Prathama, aka: Prathamā; 9 Definition(s)
Prathama means something in Hinduism, Sanskrit, the history of ancient India, Marathi. If you want to know the exact meaning, history, etymology or English translation of this term then check out the descriptions on this page. Add your comment or reference to a book if you want to contribute to this summary article.
Shaivism (Shaiva philosophy)
Prathamā (प्रथमा):—Sanskrit name of one of the thirty-two female deities of the Somamaṇḍala (second maṇḍala of the Khecarīcakra) according to the kubjikāmata-tantra. These goddesses are situated on a ring of sixteen petals and represent the thirty-two syllables of the Aghoramantra. Each deity (including Prathamā) is small, plump and large-bellied. They can assume any form at will, have sixteen arms each, and are all mounted on a different animal.Source: Wisdom Library: Kubjikāmata-tantra
Shaiva (शैव, śaiva) or Shaivism (śaivism) represents a tradition of Hinduism worshiping Shiva as the supreme being. Closely related to Shaktism, Shaiva literature includes a range of scriptures, including Tantras, while the root of this tradition may be traced back to the ancient Vedas.
Purana and Itihasa (epic history)
Prathama (प्रथम).—An Asura residing in Sutalam.*
- * Brahmāṇḍa-purāṇa II. 20. 21; Vāyu-purāṇa 50. 20.
The Purana (पुराण, purāṇas) refers to Sanskrit literature preserving ancient India’s vast cultural history, including historical legends, religious ceremonies, various arts and sciences. The eighteen mahapuranas total over 400,000 shlokas (metrical couplets) and date to at least several centuries BCE.
Shiksha (linguistics: phonetics, phonology etc.)
Prathama (प्रथम, “the first”) is the name of a note (svara) used by singers of the sāmas (religious songs from Sāmaveda), corresponding to the madhyama-svara of the flute, according to the Nāradīyā-śīkṣā 1.5.1. The Nāradīyā-śīkṣā is an ancient Sanskrit treatise dealing phonetics and musicology. Its proclaimed author is the Nārada.Source: Wisdomlib Libary: Śikṣā
Shiksha (शिक्षा, śikṣā) deals with Sanskrit linguistics and represents a branch of vedanga (vedic ancillary science). Shiksha deals with subjects such as phonetics, phonology, study of sound, letters of the Sanskrit alphabet and related topics. Much attention is also given to the study of recitation (patha) of Vedic verses.
Vyakarana (Sanskrit grammar)
Prathama (प्रथम).—Lit, premier, first; the word is used in connection with the personal affixes तिप्, तस्, झि (tip, tas, jhi) (अन्ति (anti)) of verbal forms. See the word पुरुष (puruṣa) above; cf. अस्तिर्भवन्तीपरः प्रथमपुरुषः अप्रयु-ज्यमानोप्यस्तीति । वृक्षः प्लक्षः। (astirbhavantīparaḥ prathamapuruṣaḥ aprayu-jyamānopyastīti | vṛkṣaḥ plakṣaḥ|) M. Bh. on P. II. 3.1 and 4. The word प्रथम (prathama) is used in the Pratisakhya works in the sense of the first consonants of the five vargas or groups of consonants; cf. प्रथमैर्द्विती-यास्तृतीयैश्चतुर्थाः (prathamairdvitī-yāstṛtīyaiścaturthāḥ) V. Pr. IV. 110 cf. प्रथमतृतीयादीनामादेशादित्वादेत्वाभावः (prathamatṛtīyādīnāmādeśāditvādetvābhāvaḥ), M.Bh. on P. VI. 4.120 Vart 3, also cf. Katantra I. 4.1 and Hem. I. 3.35. The word is also used (in the feminine gender) in the sense of the case affixes सु (su) (स् (s)), औ, जस् (au, jas) (अस् (as)) of the nominative case. The word is also used in the sense of the premier accent उदात्त (udātta) (acute); cf. प्रथमभाविनः उदात्तभाविनः (prathamabhāvinaḥ udāttabhāvinaḥ) Uvvata on R. Pr. III. 8.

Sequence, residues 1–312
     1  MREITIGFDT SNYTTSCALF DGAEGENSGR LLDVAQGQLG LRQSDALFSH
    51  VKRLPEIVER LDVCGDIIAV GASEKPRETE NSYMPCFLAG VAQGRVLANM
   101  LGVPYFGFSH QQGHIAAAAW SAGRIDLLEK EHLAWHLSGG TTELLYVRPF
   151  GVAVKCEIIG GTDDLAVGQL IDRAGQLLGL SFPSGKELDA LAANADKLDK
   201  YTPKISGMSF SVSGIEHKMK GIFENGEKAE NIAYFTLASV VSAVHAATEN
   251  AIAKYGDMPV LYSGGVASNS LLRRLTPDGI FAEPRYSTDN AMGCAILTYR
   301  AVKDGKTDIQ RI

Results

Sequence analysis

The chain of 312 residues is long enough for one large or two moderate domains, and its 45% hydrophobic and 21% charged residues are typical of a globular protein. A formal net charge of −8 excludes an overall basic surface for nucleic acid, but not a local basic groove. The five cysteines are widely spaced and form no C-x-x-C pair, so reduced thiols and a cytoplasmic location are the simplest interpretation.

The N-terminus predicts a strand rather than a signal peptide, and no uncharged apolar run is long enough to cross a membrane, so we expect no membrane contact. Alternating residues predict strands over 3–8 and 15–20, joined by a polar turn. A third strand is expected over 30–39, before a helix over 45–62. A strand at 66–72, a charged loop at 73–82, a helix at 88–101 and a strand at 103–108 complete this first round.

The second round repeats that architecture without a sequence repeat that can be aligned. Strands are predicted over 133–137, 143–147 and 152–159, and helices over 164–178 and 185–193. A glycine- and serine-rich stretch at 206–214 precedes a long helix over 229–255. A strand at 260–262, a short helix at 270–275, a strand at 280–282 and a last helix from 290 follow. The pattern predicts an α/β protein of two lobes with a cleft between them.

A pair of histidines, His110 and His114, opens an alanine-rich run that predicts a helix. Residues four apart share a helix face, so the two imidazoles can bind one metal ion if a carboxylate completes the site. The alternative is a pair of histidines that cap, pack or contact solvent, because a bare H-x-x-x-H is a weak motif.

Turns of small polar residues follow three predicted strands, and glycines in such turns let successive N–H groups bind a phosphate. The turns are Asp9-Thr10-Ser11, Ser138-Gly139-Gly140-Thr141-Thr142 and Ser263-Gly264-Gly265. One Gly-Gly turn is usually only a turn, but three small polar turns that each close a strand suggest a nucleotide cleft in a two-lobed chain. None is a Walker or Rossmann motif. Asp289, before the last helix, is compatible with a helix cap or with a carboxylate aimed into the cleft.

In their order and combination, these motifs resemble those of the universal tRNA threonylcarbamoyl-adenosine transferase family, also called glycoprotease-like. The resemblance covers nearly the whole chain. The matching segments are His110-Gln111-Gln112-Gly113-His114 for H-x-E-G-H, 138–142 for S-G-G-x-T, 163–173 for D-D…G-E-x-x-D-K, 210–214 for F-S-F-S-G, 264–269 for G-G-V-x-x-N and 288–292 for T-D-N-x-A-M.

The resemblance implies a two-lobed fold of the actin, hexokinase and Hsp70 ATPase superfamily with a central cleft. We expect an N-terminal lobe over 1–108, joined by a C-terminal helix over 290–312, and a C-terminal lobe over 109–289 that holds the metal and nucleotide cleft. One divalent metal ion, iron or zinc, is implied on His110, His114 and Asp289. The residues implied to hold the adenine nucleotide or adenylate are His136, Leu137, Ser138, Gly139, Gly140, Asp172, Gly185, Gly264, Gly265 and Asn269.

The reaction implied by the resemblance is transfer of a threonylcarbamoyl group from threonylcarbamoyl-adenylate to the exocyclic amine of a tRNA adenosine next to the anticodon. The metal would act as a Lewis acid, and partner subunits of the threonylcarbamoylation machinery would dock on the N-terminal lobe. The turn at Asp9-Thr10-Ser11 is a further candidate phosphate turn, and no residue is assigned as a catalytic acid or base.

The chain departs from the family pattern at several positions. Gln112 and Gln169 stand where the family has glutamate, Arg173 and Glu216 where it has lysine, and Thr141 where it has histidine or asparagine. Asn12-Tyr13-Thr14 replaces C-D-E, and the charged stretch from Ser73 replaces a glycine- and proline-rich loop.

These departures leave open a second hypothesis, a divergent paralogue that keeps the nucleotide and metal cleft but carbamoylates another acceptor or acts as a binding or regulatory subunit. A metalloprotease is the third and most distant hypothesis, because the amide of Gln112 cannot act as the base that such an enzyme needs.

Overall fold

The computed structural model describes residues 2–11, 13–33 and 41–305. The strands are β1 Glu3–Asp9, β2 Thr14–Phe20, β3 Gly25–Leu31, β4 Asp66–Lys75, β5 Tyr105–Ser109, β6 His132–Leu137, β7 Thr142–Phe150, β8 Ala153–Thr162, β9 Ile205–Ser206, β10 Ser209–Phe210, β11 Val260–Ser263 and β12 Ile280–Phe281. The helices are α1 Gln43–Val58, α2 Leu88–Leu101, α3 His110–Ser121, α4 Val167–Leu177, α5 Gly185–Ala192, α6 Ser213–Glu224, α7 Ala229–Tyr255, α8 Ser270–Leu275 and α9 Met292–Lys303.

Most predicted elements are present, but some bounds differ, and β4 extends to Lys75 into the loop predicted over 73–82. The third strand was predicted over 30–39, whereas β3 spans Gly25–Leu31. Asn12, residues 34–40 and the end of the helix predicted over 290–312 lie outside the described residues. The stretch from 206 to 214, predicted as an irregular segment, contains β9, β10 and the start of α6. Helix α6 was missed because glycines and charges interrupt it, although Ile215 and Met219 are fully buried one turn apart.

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Prathamā (प्रथमा).—The nominative case; case affixes of the nominative case. cf. प्रातिपदिकार्थलिङ्गपरिमाणवचनमात्रे प्रथमा (prātipadikārthaliṅgaparimāṇavacanamātre prathamā) P.II. 3.46.Source: Wikisource: A dictionary of Sanskrit grammar
Vyakarana (व्याकरण, vyākaraṇa) refers to Sanskrit grammar and represents one of the six additional sciences (vedanga) to be studied along with the Vedas. Vyakarana concerns itself with the rules of Sanskrit grammar and linguistic analysis in order to establish the correct context of words and sentences.
India history and geogprahy
Prathama.—(EI 21), prefixed to Kāyastha and Kulika to indi- cate representatives of certain classes as members of an adminis- trative board of the Pañcāyat type. Note: prathama is defined in the “Indian epigraphical glossary” as it can be found on ancient inscriptions commonly written in Sanskrit, Prakrit or Dravidian languages.Source: Cologne Digital Sanskrit Dictionaries: Indian Epigraphical Glossary
The history of India traces the identification of countries, villages, towns and other regions of India, as well as royal dynasties, rulers, tribes, local festivities and traditions and regional languages. Ancient India enjoyed religious freedom and encourages the path of Dharma, a concept common to Buddhism, Hinduism, and Jainism.
Languages of India and abroad
prathama (प्रथम).—a (S) First, prior, initial, chief, principal (whether of time or of space). 2 Used as ad First; in the first place.